Apocrypha (2)

A general agreement among scholars about the status of the Apocrypha is a long way off, as some consider the Apocrypha equal to canonised Scripture while others are horrified at the idea. The Muratorian canon concludes with two apocalypses, that of John and Peter – though some were not willing that the latter should be read in church. There is also a list of excluded books, as well as several books in today’s New Testament that are not mentioned in the Muratorian canon.

The historian Eusebius gives attention to the history of the Bible, yet is inconsistent in his listing of approved books, and seems reluctant to declare with finality the status of some writings.

While some scholars hold that the Apocrypha contain nothing new or significant doctrinally, Oersterley has a somewhat higher view of them: “In the Apocrypha belief in God is identical with that of the Old Testament in its most highly developed form.”

There is no clear evidence that Jesus or the apostles ever quoted any Apocryphal works as Scripture. The Jewish community that produced them repudiated them, and the historical surveys in the apostolic sermons recorded in Acts completely ignore the period they cover. Even the sober, historical account of 1 Maccabees is tarnished by numerous errors and anachronisms.

There is nothing of theological value in the Apocryphal books that cannot be duplicated in canonical Scripture, and they contain much that runs counter to its teachings. Though some of the books may be deemed to have historical value, the authors’ eagerness to dramatise some events and their use of the material for didactic purposes mean that caution must be exercised in accepting the texts.

Nevertheless the Apocrypha have value, even if it is only the same value as any other literature, in that they do provide a source of information for the study of the intertestamental period.


Trying to evaluate the Apocrypha is somewhat akin to trying to catch the wind. Is it fair to say that these writings are important documents in tracing the development of popular Christianity and in reflecting the beliefs of the authors?  Some think so: “The Apocrypha are of immense importance for historical research into Judaism during the period of the Second Temple (515 B.C. –A.D. 70)” declares Harper’s Bible Dictionary.

Others focus more on the writings themselves, and the effect that they have on their readers: “Although not considered canonical in Protestant and Hebrew Bibles, these books have profoundly inspired Jews and Christians alike,” says Bowker.

It is certainly true and fair to say that many writings outside the Bible may inspire us, but does the Apocrypha have any relevance and use for Christianity today?

Harper’s Bible Dictionary believes that, “As a result of their place in the Christian Old Testament, the Apocrypha have a potential role in the ecumenical movement as groups of Christians seek for the means of communication with one another.”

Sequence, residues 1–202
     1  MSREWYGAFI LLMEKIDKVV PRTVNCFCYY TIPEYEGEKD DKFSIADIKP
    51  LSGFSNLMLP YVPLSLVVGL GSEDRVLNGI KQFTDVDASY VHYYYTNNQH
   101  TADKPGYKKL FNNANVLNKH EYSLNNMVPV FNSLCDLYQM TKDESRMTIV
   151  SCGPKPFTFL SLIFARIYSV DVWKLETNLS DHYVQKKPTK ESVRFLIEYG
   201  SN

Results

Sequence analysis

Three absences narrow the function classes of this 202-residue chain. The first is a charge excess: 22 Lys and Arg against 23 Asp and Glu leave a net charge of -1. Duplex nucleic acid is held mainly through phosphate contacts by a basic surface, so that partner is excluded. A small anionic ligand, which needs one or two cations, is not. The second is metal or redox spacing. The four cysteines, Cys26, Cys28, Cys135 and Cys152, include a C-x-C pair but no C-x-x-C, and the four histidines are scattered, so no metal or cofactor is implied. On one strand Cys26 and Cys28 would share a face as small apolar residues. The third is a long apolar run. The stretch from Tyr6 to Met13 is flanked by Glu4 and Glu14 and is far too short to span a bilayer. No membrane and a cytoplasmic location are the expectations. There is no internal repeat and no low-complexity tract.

It is highly unlikely that general agreement about the status of the Apocrypha will ever be reached since scholars and churches abound at each end of the argument. But there is an alternative. It may not be possible to catch the wind, but it is very possible to ride the wind.


In the spring of 1947 an Arab shepherd chanced upon a cave in the hills overlooking the southwestern shore of the Dead Sea that contained what has been called “the greatest manuscript discovery of modern times”. The documents and fragments of documents found in those caves, dubbed the “Dead Sea Scrolls”, included a few books of the Apocrypha. Regarded as dead by some, they did not want to lie down!

Experts abound on both sides of the argument about the Apocrypha, and a middle course seems a safe route to take while the issue is as contentious as it is today. It seems appropriate to accept the Apocrypha as interesting, and possibly inspiring, literature. It seems equally appropriate that they ought not to be regarded as equal to the Scriptures according to the commonly agreed canon, and it would therefore be advisable not to publicly read them or teach from them as if they were equal to Scripture.

The Apocrypha are among the resources available to Christians today, and they should be seen as exactly that. If unnecessary controversy is to be avoided, these writings should be handled sparingly, and with great care. Riding the wind may be enjoyable, but it is not without its risks.

In the meantime, the jury is still out over the status of the Apocrypha, and it doesn’t look as though it will be returning a verdict for quite some considerable time.


M’Caw and Motyer, The New Bible Commentary, The Psalms, London, IVP, Revised Edition, 1970

Bruce M Metzger, The Canon Of The New Testament, Oxford, Clarendon Press, Corrected edition, 1988

New International Dictionary of Theology, General Editor: Colin Brown, Carlisle, Paternoster Press, 1986

John Bowker, Complete Handbook of the Bible, London, Dorling Kindersley, 1998

Harper’s Bible Dictionary, Edited by Paul J Achtemeier, Harper & Row, 1986

W O E Oesterley, An Introduction To The Books of the Apocrypha, London, Society For Promoting Christian Knowledge, 1935

Sir Lancelot Charles Lee Brenton, The Septuagint with Apocrypha: Greek and English, London, Samuel Bagster & Sons Ltd., 1851. 

Robert J Sargent, Canonization: The Apocrypha, Quotations from extracts on the Internet at: http://watch.pair.com/apocrypha.html